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Low Price or Low Cost?
Was it really cheaper?
My son wanted some additional lighting for his vehicle for his birthday. The lights weren't cheap, but the installation cost was the real shocker. So being me, I knew I could save some money by installing the lights on my own.
I figured on the installation taking me four hours so I started early Saturday morning. I ran into a little detour when some wires were not clearly labeled. That’s my excuse and I’m sticking to it. Wiring was therefore not connected properly and I melted an entire string of wires behind the car's dash and into the engine compartment.
The four hours quickly turned to eight as I had to trace out the damage and replace the burnt wires. I also had to make extra trips to the auto supply store for additional fuses and adaptors that I didn’t anticipate needing. Not to mention the fifty internet searches to find wiring schematics and advice on how to figure out the proper way to connect the lights.
Late Saturday evening, I called it quits with my son’s car still in a thousand pieces scattered around the vehicle. My wife walked through the garage and looked at me, wondering if I knew what the heck I was doing. Thankfully my shirt was soaked with sweat, and my hands and face black with dirt while working in a very hot garage. That provided me some criticism protection ... for the moment.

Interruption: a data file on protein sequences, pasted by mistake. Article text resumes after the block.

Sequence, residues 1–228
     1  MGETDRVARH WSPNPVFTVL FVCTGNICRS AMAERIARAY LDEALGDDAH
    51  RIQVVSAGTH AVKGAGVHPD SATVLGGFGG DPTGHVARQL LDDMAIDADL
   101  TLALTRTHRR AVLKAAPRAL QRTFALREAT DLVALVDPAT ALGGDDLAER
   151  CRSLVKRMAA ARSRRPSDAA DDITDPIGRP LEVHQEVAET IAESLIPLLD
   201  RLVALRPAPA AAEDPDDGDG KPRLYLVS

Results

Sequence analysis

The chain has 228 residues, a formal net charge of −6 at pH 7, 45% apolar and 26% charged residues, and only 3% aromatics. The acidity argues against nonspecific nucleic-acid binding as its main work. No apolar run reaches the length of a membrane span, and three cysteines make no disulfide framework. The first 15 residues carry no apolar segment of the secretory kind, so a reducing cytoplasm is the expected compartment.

Come early Sunday morning, I figured four or five more hours and I have this project licked. Nine hours later, my wife came out to the garage to say dinner was close to being ready. My son and I finally finished the installation and it all looked great, but I didn't eat dinner with the family that day. In fact, I didn't eat until 10:30 that night!
23 hours of labor, numerous tools and parts purchased, a weekend shot to pieces and you know what? The original installation price for those lights looked darn cheap.
Frequently PBI contracts with new clients who were making their buying decisions based on what they thought was a low price strategy. PBI is always a mid-priced option in the marketplace but we are frequently called in to correct work or take over accounts performed by an “inexpensive competitor.”
We all do it from time to time (see above) and we also know the outcome when making a buying decision based on price alone. Everyone wants a low price but the more complicated the task, the less we can rely on a low price equating to a positive outcome. In fact a low price for a project with complexity is typically a red flag for what’s to come.
Any business can easily give a cheap price, and in my industry bad service quickly follows. If you want to become a Google guru, eat dinner at bedtime and squander entire weekends, make your buying decisions based on a low price strategy. Then you'll really learn the difference between price and cost.
Michael E. Popowski is President of PBI Restorations. Reach him at email@example.com.